Despite this, as 420J2 steel has a lower carbon content, it’s known as a metal with a low hardness level. The greater the carbon content of a metal, the greater the hardness level gained during heat treatment.
Its lower hardness level is why 420J2 steel is lower in price compared to other 400 series steel.
420J2 Stainless Steel Features
420J2 steel’s chemical makeup gives it particular properties, such as corrosion resistance. However, its composition also means it has less desirable properties too. We’ll cover these in more detail below.
As mentioned above, 420J2 steel has lower carbon levels, meaning that it’s not as hard as other steel. Lower hardness levels in a metal equate to greater toughness.
420J2 is very strong and durable. You can trust that tools like knives or surgical tools won’t break under pressure from everyday tasks.
Corrosion resistance is an important matter when deciding if a metal is ‘good’ or not. In the case of stainless steel, like 420J2, poor corrosion resistance isn’t an issue.
420J2 can resist many substances, like vinegar, ammonia, and petroleum products. Carbon does react on contact with acid, but the steel has such a low amount of carbon within, adding to its resistance.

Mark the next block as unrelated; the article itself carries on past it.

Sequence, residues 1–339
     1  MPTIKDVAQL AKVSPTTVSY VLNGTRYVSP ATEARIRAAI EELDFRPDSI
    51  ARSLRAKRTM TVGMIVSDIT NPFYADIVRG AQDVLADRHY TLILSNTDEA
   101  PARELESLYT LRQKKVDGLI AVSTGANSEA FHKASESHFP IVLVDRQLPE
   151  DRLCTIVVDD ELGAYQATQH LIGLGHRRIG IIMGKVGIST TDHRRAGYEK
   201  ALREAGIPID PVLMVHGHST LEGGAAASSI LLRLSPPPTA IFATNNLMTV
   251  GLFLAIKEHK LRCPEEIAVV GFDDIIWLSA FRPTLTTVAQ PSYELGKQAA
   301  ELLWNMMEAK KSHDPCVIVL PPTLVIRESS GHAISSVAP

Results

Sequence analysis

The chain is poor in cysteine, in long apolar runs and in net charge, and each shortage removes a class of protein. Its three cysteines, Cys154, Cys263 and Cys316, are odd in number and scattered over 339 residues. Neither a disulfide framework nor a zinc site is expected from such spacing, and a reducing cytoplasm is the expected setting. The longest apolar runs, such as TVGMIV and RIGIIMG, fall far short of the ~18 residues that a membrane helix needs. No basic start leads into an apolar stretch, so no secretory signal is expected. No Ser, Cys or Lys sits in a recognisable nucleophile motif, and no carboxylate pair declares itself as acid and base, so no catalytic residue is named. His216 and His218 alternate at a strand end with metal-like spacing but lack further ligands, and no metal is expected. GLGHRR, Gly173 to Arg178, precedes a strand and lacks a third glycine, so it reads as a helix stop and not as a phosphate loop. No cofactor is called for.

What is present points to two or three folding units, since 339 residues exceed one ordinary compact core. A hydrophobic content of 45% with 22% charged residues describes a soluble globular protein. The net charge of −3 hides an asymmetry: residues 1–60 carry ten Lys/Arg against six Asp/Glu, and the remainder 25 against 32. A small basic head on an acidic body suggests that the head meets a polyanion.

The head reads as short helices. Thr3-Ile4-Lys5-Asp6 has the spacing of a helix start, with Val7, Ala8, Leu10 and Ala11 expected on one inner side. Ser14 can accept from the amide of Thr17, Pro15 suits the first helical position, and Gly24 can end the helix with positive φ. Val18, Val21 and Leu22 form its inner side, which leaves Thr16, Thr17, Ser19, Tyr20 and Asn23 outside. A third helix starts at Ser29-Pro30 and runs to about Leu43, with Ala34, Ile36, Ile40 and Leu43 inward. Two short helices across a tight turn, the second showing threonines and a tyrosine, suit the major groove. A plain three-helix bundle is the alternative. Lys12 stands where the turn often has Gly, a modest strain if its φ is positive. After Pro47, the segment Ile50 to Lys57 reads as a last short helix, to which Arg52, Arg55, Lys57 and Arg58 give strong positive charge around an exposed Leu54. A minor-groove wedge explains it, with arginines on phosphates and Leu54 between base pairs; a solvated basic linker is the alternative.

One other reason why 420J2 steel is corrosion resistant is due to its chromium levels. Chromium is often used to make tools that are necessary for a corrosive setting.
For instance, you’d find chrome-plated cutlery in restaurants where food is prepared, as it prevents rust.
It’s generally easy to sharpen 420J2 steel edges as its low hardness makes the steel soft. Most standard sharpeners will be able to sharpen the steel easily. Despite this, as the steel is so soft, it will soon become dull again.
This is an important factor when choosing knives, as better-performing knives need to maintain their sharpness. If your knife becomes dull quickly, you’ll have to spend time resharpening them or buying new ones again.
Low Wear Resistance
As mentioned previously, 420J2’s low hardness rating makes it a soft metal. The steel may be strong, but you can’t rely on it to stand up to wear and tear after harder tasks.
Poor Edge Retention
Edge retention is another property of 420J2 steel that makes it unsuitable for some uses. As the steel has a lower carbon content, it is soft, so it won’t hold onto an edge well. The steel will require frequent honing or sharpening to keep it sharp.
Nevertheless, this doesn’t make 420J2 a bad choice, as it can be sharpened easily, making it stand out against other low-end steels.
The Verdict: Is 420J2 Steel Good?
As lower-end steel, 420J2 is great for affordable knives and tools. It’s tough nature and corrosion resistance are perfect for options like filet knives, as they won’t degrade on contact with food or liquids.
420J2 steel may not keep sharp for a while, but it is easy to sharpen. If you’re on a budget, 420J2 steel is great for knives or surgical tools.
However, if you need tools for heavy-duty tasks, you may want to look for ones made from a stronger metal, like 440C.